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Record year for discrimination complaints, U.S. says

A total of 99,947 allegations were filed of unfair workplace practices based on race, sex, age, religion, disability or even family medical history, according to the agency's annual performance report for the fiscal year that ended Sept. 30.

November 18, 2011|By Tiffany Hsu, Los Angeles Times

More workers than ever filed complaints this year with the Equal Employment Opportunity Commission concerning office discrimination, the agency said this week.

A total of 99,947 allegations were filed of unfair workplace practices based on race, sex, age, religion, disability or even family medical history, according to the EEOC's annual performance report for the fiscal year that ended Sept. 30. That's the highest number since the commission was launched through the Civil Rights Act of 1964. The agency also this year won a record amount of monetary relief — nearly $365 million — for employees.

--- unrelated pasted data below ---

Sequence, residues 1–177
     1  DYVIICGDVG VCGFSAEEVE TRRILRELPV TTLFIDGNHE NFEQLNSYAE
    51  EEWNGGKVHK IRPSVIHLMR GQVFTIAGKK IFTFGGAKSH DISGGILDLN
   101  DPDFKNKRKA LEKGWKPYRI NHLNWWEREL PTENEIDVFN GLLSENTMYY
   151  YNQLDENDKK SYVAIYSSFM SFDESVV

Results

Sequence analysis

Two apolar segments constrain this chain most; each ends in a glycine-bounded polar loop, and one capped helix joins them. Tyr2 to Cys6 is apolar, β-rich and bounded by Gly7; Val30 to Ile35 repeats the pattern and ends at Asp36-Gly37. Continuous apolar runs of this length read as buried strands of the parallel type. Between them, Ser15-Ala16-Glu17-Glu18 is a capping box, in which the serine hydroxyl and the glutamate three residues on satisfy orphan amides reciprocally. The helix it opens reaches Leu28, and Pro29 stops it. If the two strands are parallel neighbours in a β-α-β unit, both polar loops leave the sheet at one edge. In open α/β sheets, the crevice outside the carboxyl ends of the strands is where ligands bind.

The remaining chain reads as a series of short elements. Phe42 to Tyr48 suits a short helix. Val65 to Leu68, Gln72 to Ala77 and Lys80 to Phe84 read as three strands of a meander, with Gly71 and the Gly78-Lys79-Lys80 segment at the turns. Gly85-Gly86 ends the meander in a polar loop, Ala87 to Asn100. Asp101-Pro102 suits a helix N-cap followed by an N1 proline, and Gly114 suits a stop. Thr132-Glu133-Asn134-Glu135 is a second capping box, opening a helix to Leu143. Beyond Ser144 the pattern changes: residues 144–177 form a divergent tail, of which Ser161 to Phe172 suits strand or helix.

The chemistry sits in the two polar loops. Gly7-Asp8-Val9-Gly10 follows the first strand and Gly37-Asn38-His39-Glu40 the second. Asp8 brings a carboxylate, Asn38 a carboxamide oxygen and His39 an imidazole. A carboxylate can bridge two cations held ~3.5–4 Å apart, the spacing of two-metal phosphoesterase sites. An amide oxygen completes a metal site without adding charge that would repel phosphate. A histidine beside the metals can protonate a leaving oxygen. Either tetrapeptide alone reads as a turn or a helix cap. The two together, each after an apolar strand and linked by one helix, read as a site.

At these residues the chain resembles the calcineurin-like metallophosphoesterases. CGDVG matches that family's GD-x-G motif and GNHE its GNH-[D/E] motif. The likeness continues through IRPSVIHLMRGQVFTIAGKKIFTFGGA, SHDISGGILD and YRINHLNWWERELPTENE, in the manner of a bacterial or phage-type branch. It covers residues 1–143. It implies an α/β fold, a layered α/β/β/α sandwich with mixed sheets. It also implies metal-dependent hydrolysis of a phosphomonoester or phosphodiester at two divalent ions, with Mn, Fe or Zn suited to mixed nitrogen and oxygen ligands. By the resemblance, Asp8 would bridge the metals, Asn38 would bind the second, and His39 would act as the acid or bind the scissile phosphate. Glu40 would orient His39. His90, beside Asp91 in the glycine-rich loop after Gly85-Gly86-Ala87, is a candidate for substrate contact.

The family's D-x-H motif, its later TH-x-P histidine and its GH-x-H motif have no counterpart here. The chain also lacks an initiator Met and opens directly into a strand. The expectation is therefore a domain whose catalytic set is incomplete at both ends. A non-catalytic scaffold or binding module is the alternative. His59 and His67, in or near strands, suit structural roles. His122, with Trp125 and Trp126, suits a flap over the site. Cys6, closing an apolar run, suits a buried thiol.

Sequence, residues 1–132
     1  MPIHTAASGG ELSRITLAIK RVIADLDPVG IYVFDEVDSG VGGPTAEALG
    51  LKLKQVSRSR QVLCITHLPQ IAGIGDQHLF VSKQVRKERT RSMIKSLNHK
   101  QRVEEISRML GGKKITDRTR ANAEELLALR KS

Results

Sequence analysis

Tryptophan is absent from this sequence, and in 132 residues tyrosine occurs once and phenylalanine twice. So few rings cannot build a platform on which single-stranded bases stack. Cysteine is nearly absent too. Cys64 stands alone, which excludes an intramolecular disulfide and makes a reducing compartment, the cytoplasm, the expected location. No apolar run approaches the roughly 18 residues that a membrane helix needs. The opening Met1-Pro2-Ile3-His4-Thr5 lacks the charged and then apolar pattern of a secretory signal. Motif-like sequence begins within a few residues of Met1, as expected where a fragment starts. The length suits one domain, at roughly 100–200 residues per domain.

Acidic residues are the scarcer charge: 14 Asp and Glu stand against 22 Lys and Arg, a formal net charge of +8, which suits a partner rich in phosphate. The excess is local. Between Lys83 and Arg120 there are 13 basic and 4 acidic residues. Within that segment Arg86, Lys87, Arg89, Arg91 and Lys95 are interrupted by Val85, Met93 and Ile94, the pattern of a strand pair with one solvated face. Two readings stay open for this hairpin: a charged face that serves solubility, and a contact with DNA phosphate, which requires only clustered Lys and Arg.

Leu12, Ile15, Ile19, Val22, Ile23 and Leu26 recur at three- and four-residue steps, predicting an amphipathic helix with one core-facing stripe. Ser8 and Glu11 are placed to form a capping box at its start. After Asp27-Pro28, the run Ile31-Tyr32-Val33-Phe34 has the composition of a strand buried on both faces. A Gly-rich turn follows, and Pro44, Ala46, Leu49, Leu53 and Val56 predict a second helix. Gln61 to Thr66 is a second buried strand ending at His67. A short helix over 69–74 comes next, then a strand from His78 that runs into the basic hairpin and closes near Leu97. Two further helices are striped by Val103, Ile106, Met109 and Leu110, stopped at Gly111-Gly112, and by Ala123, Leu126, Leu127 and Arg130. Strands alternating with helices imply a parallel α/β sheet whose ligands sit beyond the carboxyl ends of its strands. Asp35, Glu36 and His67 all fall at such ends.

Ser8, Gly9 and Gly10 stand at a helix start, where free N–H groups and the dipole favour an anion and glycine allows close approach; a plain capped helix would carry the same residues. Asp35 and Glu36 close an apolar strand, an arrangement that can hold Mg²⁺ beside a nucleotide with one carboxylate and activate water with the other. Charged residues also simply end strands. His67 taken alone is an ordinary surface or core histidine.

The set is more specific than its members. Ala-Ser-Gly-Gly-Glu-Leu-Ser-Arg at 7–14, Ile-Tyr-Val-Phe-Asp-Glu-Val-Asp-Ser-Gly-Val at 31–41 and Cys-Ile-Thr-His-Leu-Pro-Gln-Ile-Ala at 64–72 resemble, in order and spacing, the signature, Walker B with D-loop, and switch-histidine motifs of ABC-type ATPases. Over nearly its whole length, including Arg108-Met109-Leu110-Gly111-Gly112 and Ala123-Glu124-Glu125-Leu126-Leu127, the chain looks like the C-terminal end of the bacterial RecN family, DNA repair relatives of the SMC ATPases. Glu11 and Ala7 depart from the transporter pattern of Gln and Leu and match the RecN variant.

The EEOC said it resolved 112,499 cases through a mix of investigations, conciliations, mediations and litigation. That was about 7% more than last year, when it resolved 104,999 cases.

The agency this year won a consent decree that provided $3 million for about 290 former 3M Co. employees who had accused the company of denying leadership training to and laying off hundreds of workers over age 45.

Another consent decree arising from an EEOC lawsuit provided about 800 Verizon employees with $20 million in compensation. The agency alleged that the company disciplined or fired employees with disabilities because of inflexible attendance policies.

The report said the decree in the Verizon case was the largest disability discrimination settlement in a single lawsuit in EEOC history.

tiffany.hsu@latimes.com

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